My Mom is celebrating her 91st birthday on the 21st, so I think I will be heading over to the Island as a foot passenger next weekend. Unfortunately it's the Victoria Day Long Weekend so it will probably be crowded, both on the ferry and on the Island. But 91 is a big milestone, as all her birthdays are, and I don't want to miss it!

May 12, 2012, 3:56pm Top

#53 - Hi Heather, glad to see you over here. Rose In Bloom wasn't quite the book I remember loving as a child, perhaps I was more accepting of the preachiness then. War For the Oaks is a good one!

#54 - It seems just about every book I have been picking up lately is a good fit for M&M, Mark. I am about half way through The Last Werewolf and enjoying it very much. Zoo Station is also holding my attention, but I am still in the early pages of it.

#55 - I haven't read any Gail Bowen as of yet, Beth, but I plan to. I know she is a Canadian author and I believe she sets her mysteries mostly in and around Saskatchewan, which is my husbands home province. Should be an interesting series.

#56 - Hi Ilana, welcome and please don't apologize for tardiness! I am retired and spend far too much time here at LT, but I still have problems getting to all the threads as well. As to moving out here, you would be more than welcome, but my vision of you is as a cosmopolitan city dweller who spends her time sipping cafe au lait at a chic Montreal cafe would have a hard time imagining you out here in the suburbs!

#57 - Suzanne, I hope The White Russian is an enjoyable read for you. Oh how I wish I still had all my childhood books! But with the three of us to maul books, and moving every couple of years (Dad in the Armed Forces), our books gradually disappeared. We had a really lovely copy of The Wizard of Oz that I would love to still have. Not to mention all my Trixie Belden books! :)

May 12, 2012, 6:54pm Top

> 59
I had forgotten Trixie Belden books! I still have some Nancy Drew and Cherry Ames.

May 13, 2012, 11:31am Top

Hey Judy - Happy Mother's Day! Hope you enjoy the relaxing day that you have planned - sounds terrific!

Just in case you check in here today, I thought I'd let you know that the Kindle Dailey Deal is really a great one - twenty different titles of books that were made into films. I have them listed on my thread.

May 13, 2012, 3:00pm Top

Happy Mother's Day everyone. My husband prepared me a lovely breakfast and we are going to the youngest daughter's for dinner tonight. I have a day of reading and relaxation planned.

#61 - Of course, I rushed over to your thread, Mamie, and then to the Kindle Store. I picked up The Day of the Triffids, The Midwich Cuckoos, The Sand Pebbles, Who Goes There?, and The Asphalt Jungle. I believe I have seen all the films made from these books, looking forward to reading them. Thanks for letting me know about the daily deal.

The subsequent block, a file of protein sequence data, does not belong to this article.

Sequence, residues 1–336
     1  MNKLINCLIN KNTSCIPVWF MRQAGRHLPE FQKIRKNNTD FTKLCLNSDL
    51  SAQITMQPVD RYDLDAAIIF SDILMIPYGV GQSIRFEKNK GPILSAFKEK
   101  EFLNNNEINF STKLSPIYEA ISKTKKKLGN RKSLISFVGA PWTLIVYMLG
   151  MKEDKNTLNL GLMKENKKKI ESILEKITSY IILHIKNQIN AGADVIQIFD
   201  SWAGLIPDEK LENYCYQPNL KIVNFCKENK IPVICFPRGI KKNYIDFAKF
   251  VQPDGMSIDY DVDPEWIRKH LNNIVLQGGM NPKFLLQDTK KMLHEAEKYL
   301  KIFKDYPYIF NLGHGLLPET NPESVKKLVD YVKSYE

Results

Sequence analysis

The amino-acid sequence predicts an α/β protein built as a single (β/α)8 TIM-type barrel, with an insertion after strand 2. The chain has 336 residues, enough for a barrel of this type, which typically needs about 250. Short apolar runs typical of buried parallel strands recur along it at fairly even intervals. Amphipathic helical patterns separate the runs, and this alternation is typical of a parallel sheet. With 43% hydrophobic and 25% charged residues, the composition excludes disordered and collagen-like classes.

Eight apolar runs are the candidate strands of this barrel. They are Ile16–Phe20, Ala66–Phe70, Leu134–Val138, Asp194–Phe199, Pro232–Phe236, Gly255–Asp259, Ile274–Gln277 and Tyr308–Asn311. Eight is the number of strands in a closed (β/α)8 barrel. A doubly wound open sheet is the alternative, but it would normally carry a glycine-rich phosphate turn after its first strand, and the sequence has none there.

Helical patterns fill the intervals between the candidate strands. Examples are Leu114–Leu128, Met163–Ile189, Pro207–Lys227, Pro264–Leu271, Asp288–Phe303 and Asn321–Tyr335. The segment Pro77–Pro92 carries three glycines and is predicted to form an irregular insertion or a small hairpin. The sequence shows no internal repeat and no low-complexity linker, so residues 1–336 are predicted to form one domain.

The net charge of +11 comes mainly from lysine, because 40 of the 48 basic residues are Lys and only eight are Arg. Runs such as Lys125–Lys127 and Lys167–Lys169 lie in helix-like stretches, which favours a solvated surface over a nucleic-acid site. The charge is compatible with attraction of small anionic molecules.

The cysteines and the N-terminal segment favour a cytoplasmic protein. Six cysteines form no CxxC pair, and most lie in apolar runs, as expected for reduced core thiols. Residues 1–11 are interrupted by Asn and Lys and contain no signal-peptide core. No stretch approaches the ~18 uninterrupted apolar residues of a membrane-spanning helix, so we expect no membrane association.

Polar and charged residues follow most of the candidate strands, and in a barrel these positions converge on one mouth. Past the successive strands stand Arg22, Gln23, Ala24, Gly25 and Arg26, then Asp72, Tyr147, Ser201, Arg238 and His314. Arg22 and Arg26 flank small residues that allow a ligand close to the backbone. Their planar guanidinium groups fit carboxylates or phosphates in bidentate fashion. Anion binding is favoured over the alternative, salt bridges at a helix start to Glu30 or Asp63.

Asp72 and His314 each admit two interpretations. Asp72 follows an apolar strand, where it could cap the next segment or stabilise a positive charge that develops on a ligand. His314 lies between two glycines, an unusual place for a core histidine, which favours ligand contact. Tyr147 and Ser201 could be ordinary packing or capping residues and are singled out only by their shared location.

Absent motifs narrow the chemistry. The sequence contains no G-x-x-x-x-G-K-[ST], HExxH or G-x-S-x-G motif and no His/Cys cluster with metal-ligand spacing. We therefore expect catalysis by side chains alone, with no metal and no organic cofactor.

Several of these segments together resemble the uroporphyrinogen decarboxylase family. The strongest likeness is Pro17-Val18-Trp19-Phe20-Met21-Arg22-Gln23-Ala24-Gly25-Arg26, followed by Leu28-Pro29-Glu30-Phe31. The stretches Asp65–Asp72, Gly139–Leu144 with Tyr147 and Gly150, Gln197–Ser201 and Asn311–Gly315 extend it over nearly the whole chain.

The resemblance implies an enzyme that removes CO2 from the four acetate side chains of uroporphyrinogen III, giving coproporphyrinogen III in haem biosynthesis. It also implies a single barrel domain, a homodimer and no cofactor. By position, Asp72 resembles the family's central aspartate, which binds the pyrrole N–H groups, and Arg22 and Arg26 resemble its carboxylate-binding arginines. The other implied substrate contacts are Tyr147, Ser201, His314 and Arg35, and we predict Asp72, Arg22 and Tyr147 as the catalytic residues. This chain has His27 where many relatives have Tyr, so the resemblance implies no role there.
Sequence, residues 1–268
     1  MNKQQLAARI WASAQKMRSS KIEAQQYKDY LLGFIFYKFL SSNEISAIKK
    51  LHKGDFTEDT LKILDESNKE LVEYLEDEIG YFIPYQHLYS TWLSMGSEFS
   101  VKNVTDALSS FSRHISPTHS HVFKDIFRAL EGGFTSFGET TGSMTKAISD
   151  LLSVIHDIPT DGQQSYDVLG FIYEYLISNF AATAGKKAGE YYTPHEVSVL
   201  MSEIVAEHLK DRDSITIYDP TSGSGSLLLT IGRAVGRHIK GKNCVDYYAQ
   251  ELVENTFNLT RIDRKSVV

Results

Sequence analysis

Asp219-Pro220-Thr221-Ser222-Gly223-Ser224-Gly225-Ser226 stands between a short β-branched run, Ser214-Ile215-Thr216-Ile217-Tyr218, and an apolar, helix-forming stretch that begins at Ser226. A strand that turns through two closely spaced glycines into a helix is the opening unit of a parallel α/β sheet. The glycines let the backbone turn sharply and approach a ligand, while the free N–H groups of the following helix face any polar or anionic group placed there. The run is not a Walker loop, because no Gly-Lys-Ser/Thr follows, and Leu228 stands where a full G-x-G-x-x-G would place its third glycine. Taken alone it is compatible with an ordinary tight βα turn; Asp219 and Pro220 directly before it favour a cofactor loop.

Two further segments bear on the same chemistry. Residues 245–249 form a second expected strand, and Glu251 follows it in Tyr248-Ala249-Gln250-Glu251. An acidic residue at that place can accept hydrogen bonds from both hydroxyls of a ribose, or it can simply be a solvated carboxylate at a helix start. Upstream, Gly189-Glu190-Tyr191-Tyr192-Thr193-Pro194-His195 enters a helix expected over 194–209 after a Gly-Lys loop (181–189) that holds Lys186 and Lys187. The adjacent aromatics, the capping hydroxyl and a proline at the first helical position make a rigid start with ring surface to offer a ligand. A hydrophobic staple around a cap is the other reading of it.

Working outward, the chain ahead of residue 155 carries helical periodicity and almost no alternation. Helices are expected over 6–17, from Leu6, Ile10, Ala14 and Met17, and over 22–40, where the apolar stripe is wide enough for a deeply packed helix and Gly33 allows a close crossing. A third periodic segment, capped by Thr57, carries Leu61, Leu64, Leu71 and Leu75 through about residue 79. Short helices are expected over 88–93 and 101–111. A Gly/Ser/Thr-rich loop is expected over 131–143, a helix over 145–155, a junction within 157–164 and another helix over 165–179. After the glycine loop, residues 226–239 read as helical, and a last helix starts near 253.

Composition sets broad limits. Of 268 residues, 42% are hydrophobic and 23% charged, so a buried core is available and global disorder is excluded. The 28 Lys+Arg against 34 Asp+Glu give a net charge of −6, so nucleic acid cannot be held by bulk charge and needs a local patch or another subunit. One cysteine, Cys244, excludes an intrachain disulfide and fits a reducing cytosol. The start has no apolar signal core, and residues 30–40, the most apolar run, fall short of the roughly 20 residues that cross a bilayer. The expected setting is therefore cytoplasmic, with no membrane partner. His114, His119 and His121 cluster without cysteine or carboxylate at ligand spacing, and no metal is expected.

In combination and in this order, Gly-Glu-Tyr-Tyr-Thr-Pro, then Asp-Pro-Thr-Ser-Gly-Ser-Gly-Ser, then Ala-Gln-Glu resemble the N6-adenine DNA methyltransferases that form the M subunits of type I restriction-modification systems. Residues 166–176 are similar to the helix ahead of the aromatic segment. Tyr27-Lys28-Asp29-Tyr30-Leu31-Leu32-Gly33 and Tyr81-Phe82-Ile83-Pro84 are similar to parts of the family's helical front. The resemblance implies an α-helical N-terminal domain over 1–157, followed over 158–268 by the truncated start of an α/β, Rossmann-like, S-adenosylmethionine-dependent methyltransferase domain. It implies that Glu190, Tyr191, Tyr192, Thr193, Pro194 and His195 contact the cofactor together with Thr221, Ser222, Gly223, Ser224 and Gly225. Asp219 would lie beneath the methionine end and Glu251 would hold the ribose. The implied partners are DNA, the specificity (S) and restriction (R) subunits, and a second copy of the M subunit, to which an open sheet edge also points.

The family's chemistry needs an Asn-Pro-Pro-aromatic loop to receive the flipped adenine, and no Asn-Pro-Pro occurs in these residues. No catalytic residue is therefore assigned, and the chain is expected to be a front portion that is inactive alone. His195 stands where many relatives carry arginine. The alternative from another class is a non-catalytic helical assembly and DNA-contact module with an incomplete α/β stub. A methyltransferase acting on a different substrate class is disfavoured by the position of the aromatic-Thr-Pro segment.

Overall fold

Edited: May 13, 2012, 3:06pm Top

70. Russian Fairy Tales by Aleksandr Afanasev - 3.3 ★
TIOLI #1: Read A Book Translated from a Slavic Language

Russian Fairy Tales by Aleksandr Afanasev is a classic collection of Russian folk tales. Originally published in 1866, this version was translated by Norbert Guterman in 1946. In this book there are over 200 stories and poems that were collected by Afanasev, these tales are a mosaic of Russian folklore running the gamut from tragedy, romance, humor and adventure. Simple tales that you can well imagine being passed from one generation to another on long Russian nights.

It is obvious in the reading that many, if not most, of these tales were meant to teach life lessons. Many of the stories end abruptly with the death of the main character, illustrating the point of the story - not to do, go or eat something that you have been warned off of. Of course some are obviously simple tales meant to evoke laughter and escape. From obscure stories of simpletons, princesses and talking creatures to the more famous tales of Baba Yaga, Jack Frost and the Fire Bird, one can see how these stores became known as oral poetry.

Passed along verbally over the generations, many variations of the same story emerged. Some would add a humorous slant to their version, others added political touches that had meaning to his audience, while the sly, enterprising storyteller often ended his tale thusly, “This is the end of my tale, and I now would not mind having a glass of vodka”.

May 13, 2012, 3:12pm Top

Hah! Smart storyteller! Sounds like a good collection, Judy. And Happy Mother's Day!

May 14, 2012, 9:37am Top

Judy: Happy belated Mother's Day. It sounds like you were planning a wonderful day. The fairy tale collection sounds great -- it would probably be good background for reading Russian writers.

Yes, Gail Bowen's books are set in Regina. She talks a lot about different places; it would be fun to know how accurate her portrayal is.

May 14, 2012, 12:33pm Top

Hi Joe and Beth, thanks for dropping by. I thought the same thing about the Russian fairy tales, it gives the reader a good look at Russian thought processes and language usage. I also thought it was interesting that so many of the stories weren't about the poor man finding the gold or marrying a princess, but with Russian fatalism, they were often about how one couldn't or shouldn't reach above their station in life.